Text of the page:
SPECIAL NOTE: A couple of weeks back, I did a live class on search engine optimization (SEO) for bloggers. The class was incredibly popular, and since then I’ve had tons of requests from people who couldn’t attend the live workshop, but still want a way to access the class.
Well, there’s good news – now you can get the “What Bloggers Need to Know About SEO” master class for just $37. Click here to get the details. When you buy this class, you can immediately access the recording of the class along with an informative handout and the slides from the presentation. Here’s the link one more time.
I want you to take 15 minutes and read this article from the blog BoostBlogTraffic.com. It’s called “297 Flabby Words and Phrases That Rob Your Writing of All Its Power.”
As an online content creator, you may be looking for ways to improve your writing skills. But it’s surprisingly hard to do that without hiring an editor for every piece you write.
So the question is — if you’re already a good writer, how can you become a great one?
If you’re struggling with this issue, this blog post might provide a real breakthrough for you. The post’s author, Shane Arthur, is one of the best copyeditors I’ve ever known – he can take an article, cut out all the unnecessary words, and turn it into a finely tuned piece of extraordinary content. He can find fluff in places I would never even think to look. But if you don’t have Shane to edit your writing, how can you tighten up your own email content, sales pages, and blog posts? He tells you exactly how with this “297 Flabby Words” post — and you’re going to be amazed by his insights.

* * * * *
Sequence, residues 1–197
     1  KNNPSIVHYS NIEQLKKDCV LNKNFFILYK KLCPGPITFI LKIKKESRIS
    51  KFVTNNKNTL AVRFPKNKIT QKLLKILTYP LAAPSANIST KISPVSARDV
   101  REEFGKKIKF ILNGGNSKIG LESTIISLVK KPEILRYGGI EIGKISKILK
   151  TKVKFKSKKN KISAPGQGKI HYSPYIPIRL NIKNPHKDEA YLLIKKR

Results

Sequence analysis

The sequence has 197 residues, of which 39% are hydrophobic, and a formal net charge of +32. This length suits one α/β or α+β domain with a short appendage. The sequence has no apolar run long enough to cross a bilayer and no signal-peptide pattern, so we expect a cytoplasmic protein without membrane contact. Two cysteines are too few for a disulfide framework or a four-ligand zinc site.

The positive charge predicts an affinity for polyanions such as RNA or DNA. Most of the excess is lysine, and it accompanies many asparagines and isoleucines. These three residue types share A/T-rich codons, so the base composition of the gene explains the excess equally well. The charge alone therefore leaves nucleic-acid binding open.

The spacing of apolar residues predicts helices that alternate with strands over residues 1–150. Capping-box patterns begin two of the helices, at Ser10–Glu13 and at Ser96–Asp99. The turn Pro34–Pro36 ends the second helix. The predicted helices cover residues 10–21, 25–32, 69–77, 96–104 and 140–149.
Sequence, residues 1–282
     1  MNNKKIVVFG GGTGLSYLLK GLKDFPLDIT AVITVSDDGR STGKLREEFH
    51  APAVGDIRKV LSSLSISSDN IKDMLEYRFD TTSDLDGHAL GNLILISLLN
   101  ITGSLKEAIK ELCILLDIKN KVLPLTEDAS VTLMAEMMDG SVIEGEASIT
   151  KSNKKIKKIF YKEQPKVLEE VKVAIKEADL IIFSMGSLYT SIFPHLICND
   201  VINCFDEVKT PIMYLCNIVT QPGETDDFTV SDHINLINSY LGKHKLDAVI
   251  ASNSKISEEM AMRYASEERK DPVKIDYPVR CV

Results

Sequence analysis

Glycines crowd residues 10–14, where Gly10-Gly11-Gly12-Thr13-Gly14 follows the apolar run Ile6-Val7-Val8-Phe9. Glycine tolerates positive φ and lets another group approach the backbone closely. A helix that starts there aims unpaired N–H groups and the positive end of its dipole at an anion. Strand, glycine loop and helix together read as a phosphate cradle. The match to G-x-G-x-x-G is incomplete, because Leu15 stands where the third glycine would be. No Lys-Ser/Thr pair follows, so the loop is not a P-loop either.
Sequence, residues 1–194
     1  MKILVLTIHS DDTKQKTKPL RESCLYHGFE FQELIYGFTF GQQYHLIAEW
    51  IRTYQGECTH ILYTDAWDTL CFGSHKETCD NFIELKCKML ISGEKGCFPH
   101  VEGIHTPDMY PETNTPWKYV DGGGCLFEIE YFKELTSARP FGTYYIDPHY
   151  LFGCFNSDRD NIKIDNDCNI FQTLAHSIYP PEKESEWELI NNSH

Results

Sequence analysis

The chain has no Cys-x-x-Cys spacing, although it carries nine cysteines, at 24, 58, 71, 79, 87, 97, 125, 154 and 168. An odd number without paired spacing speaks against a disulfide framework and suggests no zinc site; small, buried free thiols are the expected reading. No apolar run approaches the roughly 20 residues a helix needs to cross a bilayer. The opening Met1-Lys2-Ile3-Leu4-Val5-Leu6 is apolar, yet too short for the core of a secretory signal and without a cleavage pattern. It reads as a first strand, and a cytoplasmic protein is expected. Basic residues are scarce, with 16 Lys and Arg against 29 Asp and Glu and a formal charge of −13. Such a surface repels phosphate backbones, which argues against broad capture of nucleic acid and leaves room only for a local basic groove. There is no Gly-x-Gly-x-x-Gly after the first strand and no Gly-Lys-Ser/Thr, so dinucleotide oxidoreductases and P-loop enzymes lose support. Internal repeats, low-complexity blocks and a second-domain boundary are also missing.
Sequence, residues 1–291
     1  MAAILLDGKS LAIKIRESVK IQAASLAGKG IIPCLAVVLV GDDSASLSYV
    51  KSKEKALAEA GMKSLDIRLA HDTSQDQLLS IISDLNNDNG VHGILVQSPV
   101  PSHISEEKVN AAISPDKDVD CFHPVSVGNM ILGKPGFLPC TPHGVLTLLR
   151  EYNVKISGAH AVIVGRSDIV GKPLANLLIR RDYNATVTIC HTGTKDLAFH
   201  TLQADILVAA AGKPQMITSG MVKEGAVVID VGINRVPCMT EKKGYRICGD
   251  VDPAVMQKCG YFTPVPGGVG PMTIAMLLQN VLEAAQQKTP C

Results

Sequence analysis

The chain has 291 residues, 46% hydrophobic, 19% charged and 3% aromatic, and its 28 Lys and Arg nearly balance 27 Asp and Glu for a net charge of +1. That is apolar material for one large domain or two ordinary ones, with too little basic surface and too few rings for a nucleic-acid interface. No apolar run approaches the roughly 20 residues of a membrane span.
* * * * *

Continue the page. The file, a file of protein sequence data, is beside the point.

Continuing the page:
After you’ve read the post in its entirety, print it out and hang it above your desk. Next time you’ve completed a piece of writing and you’re ready to edit, look over Shane’s list of “flabby” words and hunt for them in your own writing. Then ruthlessly cut them. I practically guarantee you will find a whole bunch of words you can cut – and it’s going to make your writing so much clearer and easier to understand.
After you do this a couple of times, you’re going to notice that you tend to overuse certain words or phrases again and again. When you spot those words, put them on your own personal “Flabby Words” list. Then put that list right next to Shane’s blog post, on the wall above your desk.
Here’s my own personal “Flabby Words” list:
- In order to
- So (especially to start sentences)
- And (especially to start sentences)
What’s on your personal “fluff” words list? Or do you have other ways of cutting out the fat and making your writing tighter? Tell us about it in the comments.